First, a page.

California lawmakers said late Thursday that they have reached a deal on legislation to regulate and license medical marijuana.
The regulatory framework to corral the billion-dollar medical cannabis industry will be contained in three bills that have received the blessings of the two chambers and Gov. Jerry Brown, said Assemblyman Rob Bonta, D-Oakland, one of the authors of the measures.
Bonta said his measure, which along with the others will be released Friday, would require state and local licenses for medical marijuana businesses. It would create a new Bureau of Medical Marijuana Regulation to oversee the licensing and regulatory effort and involve the California Department of Food and Agriculture and the Department of Public Health.
The new bureau would be housed in the Department of Consumer Affairs and led by a director confirmed by the state Senate.
Sen. Mike McGuire, D-Healdsburg, another author, said local cities and counties will be able to place taxes for cultivation and retail on the ballot in addition to the sales taxes on marijuana, and could designate fees to recoup regulation costs.
It has been nearly two decades since voters first approved medical marijuana. But the state has yet to enact a clear set of regulations. Internal squabbling from industry groups, law enforcement objections and resistance by fearful lawmakers has contributed to the delay. With a planned measure to legalize recreational marijuana aiming for next year’s ballot, Brown and legislators have been working on a compromise.
The apparent deal comes after complaints from some supporters that lawmakers were scrambling over who would take credit.
“By the legislature acting though this deliberative process, putting this framework together, the issues this bill addresses will not be superseded by a ballot initiative,” Assemblyman Ken Cooley, D-Rancho Cordova, said in an interview. “We will not let someone freelance in a state of nearly 40 million people these kinds of important public safety and public health policies. That is a colossal benefit. And it actually is historic.”
McGuire said his bill will track and trace all medical marijuana, and includes a provision to make cannabis an agricultural product. He said growers will be made to follow the same rules as other farmers for water use, discharge and pesticides. Under Senate Bill 643, localities also would be eligible for grants from a production and mitigation fund, with the money going to law enforcement and cleanup.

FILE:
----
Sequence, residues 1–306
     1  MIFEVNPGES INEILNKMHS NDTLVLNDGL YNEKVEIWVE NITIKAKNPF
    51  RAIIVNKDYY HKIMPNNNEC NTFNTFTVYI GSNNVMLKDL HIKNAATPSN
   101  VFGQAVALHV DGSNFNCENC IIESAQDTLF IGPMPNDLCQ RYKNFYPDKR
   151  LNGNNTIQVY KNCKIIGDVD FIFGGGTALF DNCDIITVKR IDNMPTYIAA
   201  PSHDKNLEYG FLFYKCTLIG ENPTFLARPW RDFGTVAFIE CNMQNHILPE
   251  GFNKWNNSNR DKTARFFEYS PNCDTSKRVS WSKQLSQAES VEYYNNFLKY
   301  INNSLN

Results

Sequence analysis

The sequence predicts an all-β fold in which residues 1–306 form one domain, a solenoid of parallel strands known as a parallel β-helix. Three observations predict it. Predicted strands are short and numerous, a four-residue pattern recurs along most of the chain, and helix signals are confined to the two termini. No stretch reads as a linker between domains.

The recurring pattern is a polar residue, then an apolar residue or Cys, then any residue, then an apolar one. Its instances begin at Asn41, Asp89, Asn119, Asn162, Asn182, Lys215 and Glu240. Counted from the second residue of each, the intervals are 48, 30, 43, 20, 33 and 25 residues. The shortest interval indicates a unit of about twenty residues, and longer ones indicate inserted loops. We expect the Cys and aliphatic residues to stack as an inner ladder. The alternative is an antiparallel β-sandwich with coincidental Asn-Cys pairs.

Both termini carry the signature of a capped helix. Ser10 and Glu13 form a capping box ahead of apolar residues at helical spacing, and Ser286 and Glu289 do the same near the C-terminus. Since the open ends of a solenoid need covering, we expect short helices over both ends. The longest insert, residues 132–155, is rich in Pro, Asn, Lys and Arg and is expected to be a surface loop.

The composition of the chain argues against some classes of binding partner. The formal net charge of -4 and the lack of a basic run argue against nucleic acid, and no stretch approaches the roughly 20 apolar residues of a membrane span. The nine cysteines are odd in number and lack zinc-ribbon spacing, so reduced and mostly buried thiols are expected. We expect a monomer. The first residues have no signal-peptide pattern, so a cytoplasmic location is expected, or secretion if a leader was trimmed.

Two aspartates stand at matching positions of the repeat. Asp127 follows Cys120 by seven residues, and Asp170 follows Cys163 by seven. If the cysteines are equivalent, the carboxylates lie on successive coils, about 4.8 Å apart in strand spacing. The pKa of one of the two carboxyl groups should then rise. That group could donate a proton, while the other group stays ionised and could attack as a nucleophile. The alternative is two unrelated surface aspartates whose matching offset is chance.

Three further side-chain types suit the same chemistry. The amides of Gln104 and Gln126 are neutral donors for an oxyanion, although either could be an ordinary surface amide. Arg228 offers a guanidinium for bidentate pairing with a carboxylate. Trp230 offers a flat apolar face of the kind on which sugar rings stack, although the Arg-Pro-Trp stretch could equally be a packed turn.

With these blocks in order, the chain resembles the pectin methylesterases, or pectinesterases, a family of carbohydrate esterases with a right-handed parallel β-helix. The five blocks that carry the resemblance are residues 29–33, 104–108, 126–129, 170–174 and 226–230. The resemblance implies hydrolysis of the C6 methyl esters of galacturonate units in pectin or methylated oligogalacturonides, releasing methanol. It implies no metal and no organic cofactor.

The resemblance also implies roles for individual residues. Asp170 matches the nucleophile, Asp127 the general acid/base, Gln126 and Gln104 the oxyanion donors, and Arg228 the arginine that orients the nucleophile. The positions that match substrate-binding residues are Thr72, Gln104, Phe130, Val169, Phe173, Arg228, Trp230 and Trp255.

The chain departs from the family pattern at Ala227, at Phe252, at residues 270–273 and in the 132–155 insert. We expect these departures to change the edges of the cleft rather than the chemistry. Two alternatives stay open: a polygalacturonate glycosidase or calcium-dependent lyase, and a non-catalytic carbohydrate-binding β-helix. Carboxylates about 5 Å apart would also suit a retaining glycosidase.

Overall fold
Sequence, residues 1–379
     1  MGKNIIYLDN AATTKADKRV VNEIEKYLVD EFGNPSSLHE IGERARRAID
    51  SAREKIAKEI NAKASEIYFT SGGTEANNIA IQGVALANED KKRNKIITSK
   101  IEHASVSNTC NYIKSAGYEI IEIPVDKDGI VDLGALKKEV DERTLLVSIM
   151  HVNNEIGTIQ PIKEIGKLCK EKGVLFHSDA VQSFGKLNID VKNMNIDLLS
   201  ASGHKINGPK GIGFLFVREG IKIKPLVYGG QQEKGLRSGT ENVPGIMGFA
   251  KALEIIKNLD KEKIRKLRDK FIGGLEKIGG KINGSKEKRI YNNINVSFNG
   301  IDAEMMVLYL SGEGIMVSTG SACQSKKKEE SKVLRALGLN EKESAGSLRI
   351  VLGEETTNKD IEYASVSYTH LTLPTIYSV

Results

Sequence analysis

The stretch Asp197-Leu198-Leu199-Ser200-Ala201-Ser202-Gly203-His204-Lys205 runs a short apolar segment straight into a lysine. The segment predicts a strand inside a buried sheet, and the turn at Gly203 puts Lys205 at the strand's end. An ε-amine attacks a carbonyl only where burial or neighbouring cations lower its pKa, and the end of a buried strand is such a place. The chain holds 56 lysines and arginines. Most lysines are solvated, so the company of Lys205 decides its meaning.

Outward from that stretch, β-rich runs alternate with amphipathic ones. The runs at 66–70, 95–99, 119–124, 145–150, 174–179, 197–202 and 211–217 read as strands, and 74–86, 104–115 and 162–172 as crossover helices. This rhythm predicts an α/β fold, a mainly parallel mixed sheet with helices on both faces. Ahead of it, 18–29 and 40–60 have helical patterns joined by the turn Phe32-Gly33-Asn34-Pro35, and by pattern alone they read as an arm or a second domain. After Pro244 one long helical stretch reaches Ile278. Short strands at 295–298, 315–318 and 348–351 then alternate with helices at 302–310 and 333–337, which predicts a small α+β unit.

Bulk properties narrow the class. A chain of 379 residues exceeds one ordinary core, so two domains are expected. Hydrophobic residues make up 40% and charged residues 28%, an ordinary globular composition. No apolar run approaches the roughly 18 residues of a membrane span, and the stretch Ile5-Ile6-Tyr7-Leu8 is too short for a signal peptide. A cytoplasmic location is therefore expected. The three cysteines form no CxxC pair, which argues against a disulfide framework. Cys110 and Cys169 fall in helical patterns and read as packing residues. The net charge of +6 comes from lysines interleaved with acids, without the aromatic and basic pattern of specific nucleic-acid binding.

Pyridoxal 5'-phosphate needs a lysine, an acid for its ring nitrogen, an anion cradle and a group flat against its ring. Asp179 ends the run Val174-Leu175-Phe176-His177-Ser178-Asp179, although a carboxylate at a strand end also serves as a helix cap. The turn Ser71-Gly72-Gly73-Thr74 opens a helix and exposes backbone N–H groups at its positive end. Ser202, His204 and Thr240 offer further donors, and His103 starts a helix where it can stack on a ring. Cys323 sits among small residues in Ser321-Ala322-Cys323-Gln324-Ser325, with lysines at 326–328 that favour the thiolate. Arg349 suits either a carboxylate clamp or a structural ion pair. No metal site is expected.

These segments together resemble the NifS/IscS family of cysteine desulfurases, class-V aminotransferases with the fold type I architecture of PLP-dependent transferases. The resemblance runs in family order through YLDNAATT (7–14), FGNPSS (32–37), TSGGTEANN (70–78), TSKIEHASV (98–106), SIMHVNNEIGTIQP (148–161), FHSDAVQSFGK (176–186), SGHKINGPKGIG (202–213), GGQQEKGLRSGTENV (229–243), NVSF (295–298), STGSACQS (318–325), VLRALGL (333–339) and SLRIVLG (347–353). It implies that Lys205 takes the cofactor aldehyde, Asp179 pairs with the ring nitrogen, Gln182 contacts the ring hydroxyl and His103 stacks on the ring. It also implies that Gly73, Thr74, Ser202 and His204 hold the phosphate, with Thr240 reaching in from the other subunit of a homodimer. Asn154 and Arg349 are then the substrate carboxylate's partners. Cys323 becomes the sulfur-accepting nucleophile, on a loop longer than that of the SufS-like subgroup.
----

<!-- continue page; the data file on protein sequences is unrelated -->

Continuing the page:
He said the agreement calls for mandatory testing, including for edible products, compounds and oils, as a requirement for patient safety.
Not everyone is entirely satisfied. Assemblymember Jim Wood, D- Healdsburg, who also is working on the issue, said that a proposed excise tax to raise tens of millions of dollars for environmental cleanup and public safety was dropped from the package.
“I am disappointed we were not able to reach an agreement that included those resources this year,” Wood said in a statement. “I think good progress has been made and I have educated a number of my colleagues which is a great place to be as I plan to pursue the tax next year."
The other authors of the package are Assemblyman Reggie Jones-Sawyer, D-Los Angeles, and Tom Lackey, R-Palmdale. Bonta said late Thursday that he’s optimistic the legislation will continue to be supported by labor unions, law enforcement and local governments.
“We worked very diligently through the stakeholder process to keep a very broad and diverse coaliton on board,” Bonta said. “And we don’t expect that to change.”
In an interview, McGuire said he and his colleagues have been working with fellow Democrats as well as Republicans to get their backing, including a presentation to the Senate Republican Caucus earlier this week.
Facing a midnight Friday deadline, he said the plan is for the Senate bill to be amended with the new language in the Assembly Business and Professions Committee before heading to the Assembly floor for a vote before returning to the Senate. The Assembly bills will be amended in the Senate Rules Committee before going to the Senate and Assembly.
Much of the delay in the deal stemmed from having to build the regulations from the “ground up,” McGuire said.
“Since Prop. 215 passed almost 20 ago, there have been very few rules and regulations,” he said. “We're making up for 20 years of inaction."
“It's essentially a blank slate.”